Furthermore, the traumatic experience that such women had gone through put them in more risk of staying in an abusive relationship characterized by domestic violence (Metz, Jérémy and Anne, 4). Having lived through the traumatic experience, the women tend to develop unreal hope that they would be able to repair their marriages. The culture of submission and dependency compounds these supernatural elements. In most instances, the women who were brought up the highly submissive environment to their parents will extend the same submission to their husbands. Adding to the dependence that some women have in their marital relationships, it becomes challenging to separate from the relation. The essence and relevance of these findings are that the nature of the infantile relationships that women undergo while a kid has a significant impact in defining whom they become in future. Growing up in an environment characterized by domestic violence and poor relations with her parents imply that the women will grow up used to violence. Despite the repetitive harm that she may be faced in adult life, it will be difficult to separate from the abusive relationship (Metz, Jérémy and Anne, 4). The study provides new insights into the role of women psychic as influential subconscious factors that predispose them to violence. It, therefore, provides a narrative that point to both the women and men as part of the domestic violence problem.
Goldner finally unmasked the problem associated with the treating of an abusive relationship and inquires whether it is possible to create a safer relationship to women which are equally less threatening to men. While the study keenly discusses the therapeutic relationship that is ideal for the couples in the abusive relationships, it, among other issues, points to the role of the patriarchal values in the creation of intimate violence. A clear correlation exists between the patriarchal norms and the habit of wife beating. Specifically, in instances where women have a lower educational, political, institutional as well as legal positions are significantly lower, wife beating tends to be on the rise (Goldner, 351). On the other hand, when this status is higher, the incidence of wife beating significantly decline (351-352). The study further debunks on whether males are the primary aggressors in domestic violence or if the women also play some role in the process. Women as just as violent as males, however in a heterogeneous relationship, men are almost always the aggressors in a relationship characterized with high incidences of domestic violence (352).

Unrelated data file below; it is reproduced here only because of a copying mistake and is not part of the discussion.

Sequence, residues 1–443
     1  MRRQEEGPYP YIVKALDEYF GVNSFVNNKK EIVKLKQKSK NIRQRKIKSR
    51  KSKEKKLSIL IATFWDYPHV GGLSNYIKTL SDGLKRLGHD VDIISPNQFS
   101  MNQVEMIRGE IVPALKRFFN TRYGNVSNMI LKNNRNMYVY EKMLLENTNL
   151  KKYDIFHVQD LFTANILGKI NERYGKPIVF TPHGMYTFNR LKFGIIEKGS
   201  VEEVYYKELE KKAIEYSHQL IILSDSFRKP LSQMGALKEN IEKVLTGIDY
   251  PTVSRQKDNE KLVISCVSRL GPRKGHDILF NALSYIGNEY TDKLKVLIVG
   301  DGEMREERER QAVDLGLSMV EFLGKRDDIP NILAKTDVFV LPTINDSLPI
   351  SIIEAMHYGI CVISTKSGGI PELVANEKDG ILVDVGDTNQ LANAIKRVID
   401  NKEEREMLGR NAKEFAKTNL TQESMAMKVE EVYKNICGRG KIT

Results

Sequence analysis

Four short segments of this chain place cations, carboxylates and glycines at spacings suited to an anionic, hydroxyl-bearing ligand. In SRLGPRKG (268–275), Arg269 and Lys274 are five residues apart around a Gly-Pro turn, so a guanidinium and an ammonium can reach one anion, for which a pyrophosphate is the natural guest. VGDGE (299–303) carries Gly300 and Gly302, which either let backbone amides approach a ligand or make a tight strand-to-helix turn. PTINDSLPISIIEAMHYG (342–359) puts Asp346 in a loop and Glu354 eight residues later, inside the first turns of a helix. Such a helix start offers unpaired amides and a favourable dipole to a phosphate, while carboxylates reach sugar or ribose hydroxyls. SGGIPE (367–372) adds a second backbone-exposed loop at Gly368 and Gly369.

Due to the growing aggression of males towards the women in marital and other intimate relationships, the family is no longer a haven for the women (Goldner, 347). The women are more exposed to harm from those they love that they are from the public or in streets. In these cases, the women remain more prone to physical and emotional harm than the males. More women are physically hurt and even killed in violence that erupts during the relationship or in the process of trying to end one. While the cause of the domestic violence is attributed to at least both gender, the asymmetrical effect of gender violence on women raise key questions (Goldner, 348). This study provides an elaborate overview that goes beyond the moral framework that works when dealing with such cases by providing an exploration into the cause and impact of this violence. It is clear that in most cases, both couples play some role in the development of aggression. However, being that the women are always on the receiving end, and in the process becoming more at risk of the harms that result from this violence, points to the fact that domestic violence deeply borrows from the power structure in a patriarchal society which promotes the dominance of women by the males. Domestic violence, therefore, can be seen as a tool for dominance and suppression that in the end, disproportionately affect more women than the men.
In conclusion, domestic violence, while having a range of causes with the women and men factor playing a critical role in defining it, disproportionately affect women than males. In most instances, the men are the main aggressors of domestic violence. However, there are psychic factors specific to women that contribute to the development of the problem. Mainly, an infantile relationship characterized by violence put the women at risk of tolerating more harm as they try to make the abusive relationship work. Most significant forms of violence associated with this violence are the emotional and physical violence which lead to emotional and physical harms. The domestic violence, therefore, remains a critical issue that requires additional inquiry to understand completely.
Goldner, Virginia. “When love hurts: Treating abusive relationships.” Psychoanalytic Inquiry 24.3 (2004): 346-372.
Metz, Claire, Jérémy Calmet, and Anne Thevenot. “Women subjected to domestic violence: The impossibility of separation.” Psychoanalytic Psychology (2018).
Nadda, Anuradha, et al. “Study of domestic violence among currently married females of Haryana, India.” Indian Journal of Psychological Medicine 40.6 (2018): 534.